When the Centers for Medicare and Medicaid Services (CMS) took the rare step this spring of kicking Fox Insurance out of the Medicare Part D drug benefit program, it pretty much went unnoticed.' CMS went after Fox, admittedly small fry in the pool of insurers, and said they couldn't sell any more stand-alone prescription drug plans to seniors.' These plans are the kind that people buy to complement Medigap policies that don't offer any drug coverage.
It seems that Fox was improperly denying seniors access to medicines they needed to treat HIV, cancer, and seizures.' Fox didn't tell seniors they would have to get prior authorization to use some drugs, or that they would have to use step therapy first; in other words, they'd have to see if a cheaper drug worked before getting to try more expensive medications.
When CMS said the company 'was unable to satisfactorily address compliance concerns, it terminated its contract to market Part D policies, the first such action CMS has taken since the Medicare drug benefit went into effect in 2006.
Fox Insurance surfaced again this week when the leaders of the Senate Finance Committee decided to find out whether seniors were getting their benefits and whether pharmacies were getting paid. The senators want to know what the company has done with the $66 million the government paid to Fox in February and March. They want to know how much of that amount Fox still held on June 1. And they want to know how many claims received before the company got tossed out of Medicare on March 9 remain ' unpaid. CMS spokesman Peter Ashkenaz says that Fox is arguing in court over paying outstanding claims to the pharmacies they've contract with to provide benefits, but that CMS is not a party in that case.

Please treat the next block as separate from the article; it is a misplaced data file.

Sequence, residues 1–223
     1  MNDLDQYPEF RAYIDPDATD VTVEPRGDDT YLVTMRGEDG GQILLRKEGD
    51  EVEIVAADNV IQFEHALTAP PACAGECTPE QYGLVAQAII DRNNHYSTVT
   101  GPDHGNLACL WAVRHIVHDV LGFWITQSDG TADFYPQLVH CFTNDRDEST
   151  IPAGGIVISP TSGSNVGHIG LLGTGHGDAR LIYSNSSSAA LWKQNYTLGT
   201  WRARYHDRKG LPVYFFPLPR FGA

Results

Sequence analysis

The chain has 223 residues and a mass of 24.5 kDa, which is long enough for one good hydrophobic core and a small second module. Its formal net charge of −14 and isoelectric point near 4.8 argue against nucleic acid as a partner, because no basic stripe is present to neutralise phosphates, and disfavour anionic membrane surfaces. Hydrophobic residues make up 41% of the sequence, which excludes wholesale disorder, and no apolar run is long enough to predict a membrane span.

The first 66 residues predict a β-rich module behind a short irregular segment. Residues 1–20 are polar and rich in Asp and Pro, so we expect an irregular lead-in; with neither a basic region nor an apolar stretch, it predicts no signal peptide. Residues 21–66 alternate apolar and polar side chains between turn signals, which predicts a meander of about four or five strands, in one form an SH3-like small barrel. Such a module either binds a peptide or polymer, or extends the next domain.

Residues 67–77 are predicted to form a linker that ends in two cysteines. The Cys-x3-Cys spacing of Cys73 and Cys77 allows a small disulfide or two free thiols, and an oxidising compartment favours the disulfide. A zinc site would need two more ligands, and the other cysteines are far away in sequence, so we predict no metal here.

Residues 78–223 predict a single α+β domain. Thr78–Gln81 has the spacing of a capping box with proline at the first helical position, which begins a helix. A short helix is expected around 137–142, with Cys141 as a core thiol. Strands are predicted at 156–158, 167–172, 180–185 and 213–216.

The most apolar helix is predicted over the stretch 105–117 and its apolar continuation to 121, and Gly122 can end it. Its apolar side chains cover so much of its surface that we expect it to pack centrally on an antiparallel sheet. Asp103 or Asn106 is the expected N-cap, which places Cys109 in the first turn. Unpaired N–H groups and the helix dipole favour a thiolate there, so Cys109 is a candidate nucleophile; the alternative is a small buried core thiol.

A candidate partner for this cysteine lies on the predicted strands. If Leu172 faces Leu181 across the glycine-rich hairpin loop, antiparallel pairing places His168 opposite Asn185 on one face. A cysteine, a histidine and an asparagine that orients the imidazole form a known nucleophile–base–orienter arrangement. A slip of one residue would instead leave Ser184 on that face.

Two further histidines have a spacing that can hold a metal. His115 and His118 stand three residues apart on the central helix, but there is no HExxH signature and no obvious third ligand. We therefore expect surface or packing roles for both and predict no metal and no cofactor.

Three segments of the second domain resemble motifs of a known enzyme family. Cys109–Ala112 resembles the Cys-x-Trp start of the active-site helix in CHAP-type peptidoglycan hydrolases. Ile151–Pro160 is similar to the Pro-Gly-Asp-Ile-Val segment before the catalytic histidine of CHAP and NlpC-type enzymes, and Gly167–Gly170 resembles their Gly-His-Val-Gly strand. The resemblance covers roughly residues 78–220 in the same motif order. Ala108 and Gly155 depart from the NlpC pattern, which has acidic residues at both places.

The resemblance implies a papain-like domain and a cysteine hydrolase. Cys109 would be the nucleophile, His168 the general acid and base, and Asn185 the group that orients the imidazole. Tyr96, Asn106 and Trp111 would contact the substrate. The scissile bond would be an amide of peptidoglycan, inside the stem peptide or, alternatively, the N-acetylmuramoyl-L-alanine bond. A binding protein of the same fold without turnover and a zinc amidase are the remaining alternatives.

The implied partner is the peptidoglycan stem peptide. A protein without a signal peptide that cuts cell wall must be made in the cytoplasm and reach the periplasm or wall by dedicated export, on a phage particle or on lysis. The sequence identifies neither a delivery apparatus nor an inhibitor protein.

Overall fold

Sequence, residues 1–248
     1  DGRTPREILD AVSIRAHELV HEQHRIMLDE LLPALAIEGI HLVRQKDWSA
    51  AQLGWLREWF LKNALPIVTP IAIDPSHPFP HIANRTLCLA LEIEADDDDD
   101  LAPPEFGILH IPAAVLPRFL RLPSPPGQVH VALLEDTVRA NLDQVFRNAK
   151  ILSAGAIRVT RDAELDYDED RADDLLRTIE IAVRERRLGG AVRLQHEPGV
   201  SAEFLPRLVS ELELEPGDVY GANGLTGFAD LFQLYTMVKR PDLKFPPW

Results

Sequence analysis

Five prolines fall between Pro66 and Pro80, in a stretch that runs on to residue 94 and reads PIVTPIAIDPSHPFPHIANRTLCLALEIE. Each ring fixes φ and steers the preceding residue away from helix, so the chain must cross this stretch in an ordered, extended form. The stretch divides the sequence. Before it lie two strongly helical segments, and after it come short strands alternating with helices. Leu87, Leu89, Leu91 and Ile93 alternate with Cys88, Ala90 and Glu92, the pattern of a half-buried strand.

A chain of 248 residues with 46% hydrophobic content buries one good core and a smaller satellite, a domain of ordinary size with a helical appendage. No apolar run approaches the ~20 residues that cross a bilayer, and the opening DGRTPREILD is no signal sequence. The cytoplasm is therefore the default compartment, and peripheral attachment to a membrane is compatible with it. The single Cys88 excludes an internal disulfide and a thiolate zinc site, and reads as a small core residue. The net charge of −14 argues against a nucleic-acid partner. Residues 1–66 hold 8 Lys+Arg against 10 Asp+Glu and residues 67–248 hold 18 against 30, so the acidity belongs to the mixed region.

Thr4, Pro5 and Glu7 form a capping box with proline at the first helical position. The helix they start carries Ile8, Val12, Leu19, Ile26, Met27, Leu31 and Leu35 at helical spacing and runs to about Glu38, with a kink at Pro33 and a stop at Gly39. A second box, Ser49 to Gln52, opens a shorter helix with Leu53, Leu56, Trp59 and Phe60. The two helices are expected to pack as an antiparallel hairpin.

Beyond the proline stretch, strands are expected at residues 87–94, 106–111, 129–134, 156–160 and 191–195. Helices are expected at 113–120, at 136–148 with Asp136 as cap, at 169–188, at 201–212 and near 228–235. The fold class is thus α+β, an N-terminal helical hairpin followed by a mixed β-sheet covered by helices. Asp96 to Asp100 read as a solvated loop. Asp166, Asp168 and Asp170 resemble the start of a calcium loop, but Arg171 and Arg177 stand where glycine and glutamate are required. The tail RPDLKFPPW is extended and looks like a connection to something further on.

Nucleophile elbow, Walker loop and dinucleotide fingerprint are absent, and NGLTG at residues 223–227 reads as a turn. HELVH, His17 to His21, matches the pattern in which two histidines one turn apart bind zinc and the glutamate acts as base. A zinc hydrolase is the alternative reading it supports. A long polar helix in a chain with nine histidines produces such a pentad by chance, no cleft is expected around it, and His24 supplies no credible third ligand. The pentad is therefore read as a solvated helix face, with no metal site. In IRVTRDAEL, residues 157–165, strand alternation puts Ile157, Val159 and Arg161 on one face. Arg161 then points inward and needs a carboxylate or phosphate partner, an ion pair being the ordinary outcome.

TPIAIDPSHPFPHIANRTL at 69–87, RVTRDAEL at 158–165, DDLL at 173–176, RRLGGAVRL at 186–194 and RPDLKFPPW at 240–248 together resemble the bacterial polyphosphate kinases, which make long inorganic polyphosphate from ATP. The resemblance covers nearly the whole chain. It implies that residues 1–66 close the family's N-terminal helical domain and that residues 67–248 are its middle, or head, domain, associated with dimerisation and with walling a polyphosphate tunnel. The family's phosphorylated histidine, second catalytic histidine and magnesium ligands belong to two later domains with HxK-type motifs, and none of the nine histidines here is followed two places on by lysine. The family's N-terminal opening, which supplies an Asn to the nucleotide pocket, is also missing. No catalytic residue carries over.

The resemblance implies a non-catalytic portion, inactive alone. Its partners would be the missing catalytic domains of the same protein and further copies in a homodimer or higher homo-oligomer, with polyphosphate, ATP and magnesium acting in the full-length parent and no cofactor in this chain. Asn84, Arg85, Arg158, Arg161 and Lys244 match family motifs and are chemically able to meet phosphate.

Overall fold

Watching what happens to Fox is instructive because it may offer clues to just how tough regulators and Congress will be in the new world order of health insurance. Other companies, including big ones like WellPoint, have also had their marketing activities suspended for awhile because they were engaging in some unfriendly consumer practices that CMS regulators didn't particularly like. Will there be more?
The Fox case also serves as a reminder to seniors that they have to have a hand in policing the marketplace, too. If you're not getting the drug benefits you believe you should have and have paid for, complain--- and loudly, too. Call Medicare's helpline: 1-800-Medicare and tell the operator the problems you're having. That will not only help you get what you need but will signal to the regulators that something might be wrong with a company's practices that are hurting others as well.